Logs offer deep visibility into data access, which can alert administrators to unauthorized access attempts to protected data. Such logs can also be used to understand typical access patterns when combined with other infrastructure and access information. For example, consider a user that typically accesses information in small quantities inside a local network. If that user suddenly starts accessing large amounts of data remotely, that could constitute a threat, which should generate an alert and prompt an investigation.
Adopt Cloud Security Tools. Agencies must apply solutions to simplify the data security landscape. This applies to multiple cloud and legacy environments as well as cloud-oriented digital transformation applications.
Data security solutions should be able to protect data moving between clouds and out of the cloud to on-premises environments, using centralized data security solutions across multiple cloud platforms. Keep in mind that most cloud service providers (CSPs) have a “shared responsibility” view of security. These providers are responsible for securing the infrastructure that runs their cloud services. Data owners are responsible for protecting the confidentiality, integrity, and availability of their data in the cloud.
CSPs generally offer native data security solutions to their users. However, data owners need to determine the sensitivity level of their cloud-stored data and apply the most appropriate security measures to protect said data. For example, in cloud deployments where security is less critical, agencies may choose to rely on a CSP’s native encryption and deploy additional cryptographic key management services (Bring Your Own Key). Or, for deployments where the highest level of security is required, agencies may choose to deploy Bring Your Own Encryption tools to their cloud environments.
Invest in a Resilient Future: Preparing for a Post-Quantum Future
The National Cybersecurity Strategy By taking the initiative on these two key pillars of the national cybersecurity strategy – zero trust architecture and post-quantum planning – as quickly as possible, agencies will have made major steps forward in complying with the strategy across the board.
puts a great deal of emphasis on life after quantum, particularly in “Objective 4.3: Prepare for our Post-Quantum Future.” According to this objective, the nation needs to “prioritize and accelerate investments in widespread replacement of hardware, software, and services that can be easily compromised by quantum computers.”
The language in this objective goes on to say that “Strong encryption is key to cybersecurity and global commerce. It is the primary way we protect our data online, validate end users, authenticate signatures and certify the accuracy of information. But quantum computing has the potential to break some of the most ubiquitous encryption standards deployed today.”
When preparing an infrastructure strategy for quantum-safe encryption, there are a few things to keep in mind:
Know your risks. long-term data is at risk to harvesting and early attacks. IT managers and other network professionals must assess their organizations’ use of vulnerable cryptography, the expiration date of their encrypted data, and the crypto-agility maturity of their IT infrastructure.
Several sources are available to understand risks and to plan ahead. NIST offers a publication titled “Getting Ready for Post-Quantum Cryptography” to help monitor standards development, and perform risk assessment of where public-key crypto may be used in the infrastructure. It’s important reading to understand whether a network’s equipment is crypto-agile.
The National Cybersecurity Center of Excellence (NCCoE) has recently launched its “Migration to Post Quantum Cryptography” Project. Understanding that replacement of cryptographic algorithms is both technically and logistically challenging, the NCCoE is undertaking a practical demonstration of technology and tools that can provide a head start on executing a migration roadmap in collaboration with a public and private sector community. Thales Trusted Cyber Technologies is among the technology collaborators participating in this project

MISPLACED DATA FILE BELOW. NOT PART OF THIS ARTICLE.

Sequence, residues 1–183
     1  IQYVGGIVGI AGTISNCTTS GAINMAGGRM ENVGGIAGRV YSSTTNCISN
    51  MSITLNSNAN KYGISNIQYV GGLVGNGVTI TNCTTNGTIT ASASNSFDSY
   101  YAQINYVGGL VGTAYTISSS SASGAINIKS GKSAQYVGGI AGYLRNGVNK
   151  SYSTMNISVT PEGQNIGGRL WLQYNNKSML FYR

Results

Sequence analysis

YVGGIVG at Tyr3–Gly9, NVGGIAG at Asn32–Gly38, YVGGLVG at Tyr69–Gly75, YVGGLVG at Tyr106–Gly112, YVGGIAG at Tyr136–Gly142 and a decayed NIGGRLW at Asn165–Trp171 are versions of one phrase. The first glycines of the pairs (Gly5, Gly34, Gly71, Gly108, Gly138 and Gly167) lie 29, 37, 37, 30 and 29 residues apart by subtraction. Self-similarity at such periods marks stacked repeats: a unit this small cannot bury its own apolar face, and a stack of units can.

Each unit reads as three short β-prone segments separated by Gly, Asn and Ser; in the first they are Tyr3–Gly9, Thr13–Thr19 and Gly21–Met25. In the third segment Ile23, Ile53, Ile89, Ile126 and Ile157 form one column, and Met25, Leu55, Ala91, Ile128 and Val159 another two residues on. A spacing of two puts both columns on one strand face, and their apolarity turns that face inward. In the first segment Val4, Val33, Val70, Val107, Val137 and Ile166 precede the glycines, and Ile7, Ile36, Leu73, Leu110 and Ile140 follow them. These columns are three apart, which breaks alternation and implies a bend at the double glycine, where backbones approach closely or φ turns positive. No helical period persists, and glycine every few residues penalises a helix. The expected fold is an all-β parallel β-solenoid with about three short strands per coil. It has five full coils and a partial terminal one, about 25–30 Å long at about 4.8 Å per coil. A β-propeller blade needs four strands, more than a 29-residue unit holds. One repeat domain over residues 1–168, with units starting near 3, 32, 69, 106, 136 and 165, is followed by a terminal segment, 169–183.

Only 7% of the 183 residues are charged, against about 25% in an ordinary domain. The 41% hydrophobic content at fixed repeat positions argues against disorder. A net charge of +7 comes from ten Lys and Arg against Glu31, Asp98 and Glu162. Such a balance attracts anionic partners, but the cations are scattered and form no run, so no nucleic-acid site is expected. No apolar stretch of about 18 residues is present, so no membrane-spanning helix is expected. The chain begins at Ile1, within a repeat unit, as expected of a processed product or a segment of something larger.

Another excellent source of information is the NSA Post-Quantum Cryptography FAQ, which provides an excellent summary on the subject.
Focus on crypto-agility. Crypto-agility requires flexible upgradeable technology and a hybrid approach of classic and quantum-resistant crypto solutions.
Remember that crypto-agility is not about quantum; it’s about being able to face the reality that all algorithms fail with time. Many systems today make it difficult to rotate keys, to choose different sizes/parameters, and to change mechanisms or key algorithms. These are all required for protocols to be versioned, negotiated and not to fail when presented with unknown options. They are essential for crypto-agility, and it’s important to work with providers with solutions that embrace those needs.
Start today. This cannot be understated, which is why National Security Memo 10 made a point of it. Organizations must begin now to design a quantum-resistant architecture today to protect against the emerging quantum threat.
IT infrastructure equipment often is deployed for years or decades without hardware replacement. Consequently, it is important to make sure currently deployed hardware was developed with crypto-agility principles in mind, to receive software or firmware updates once post-quantum crypto algorithms and protocols are standardized.
It is also important to check with equipment providers to see what beta or technology preview firmware they have available for testing in non-production systems, that implements pre-standardized quantum-resistant cryptographic algorithms. Testing will help identify performance or interoperability issues early and provide time to address the issues and mitigate the identified risks.
By taking the initiative on these two key pillars of the national cybersecurity strategy – zero trust architecture and post-quantum planning – as quickly as possible, agencies will have made major steps forward in complying with the strategy across the board.
About Thales TCT
Thales Trusted Cyber Technologies, a business area of Thales Defense & Security, Inc., protects the most vital data from the core to the cloud to the field. We serve as a trusted, U.S. based source for cyber security solutions for the U.S. Federal Government. Our solutions enable agencies to deploy a holistic data protection ecosystem where data and cryptographic keys are secured and managed, and access and distribution are controlled.
For more information, visit www.thalestct.com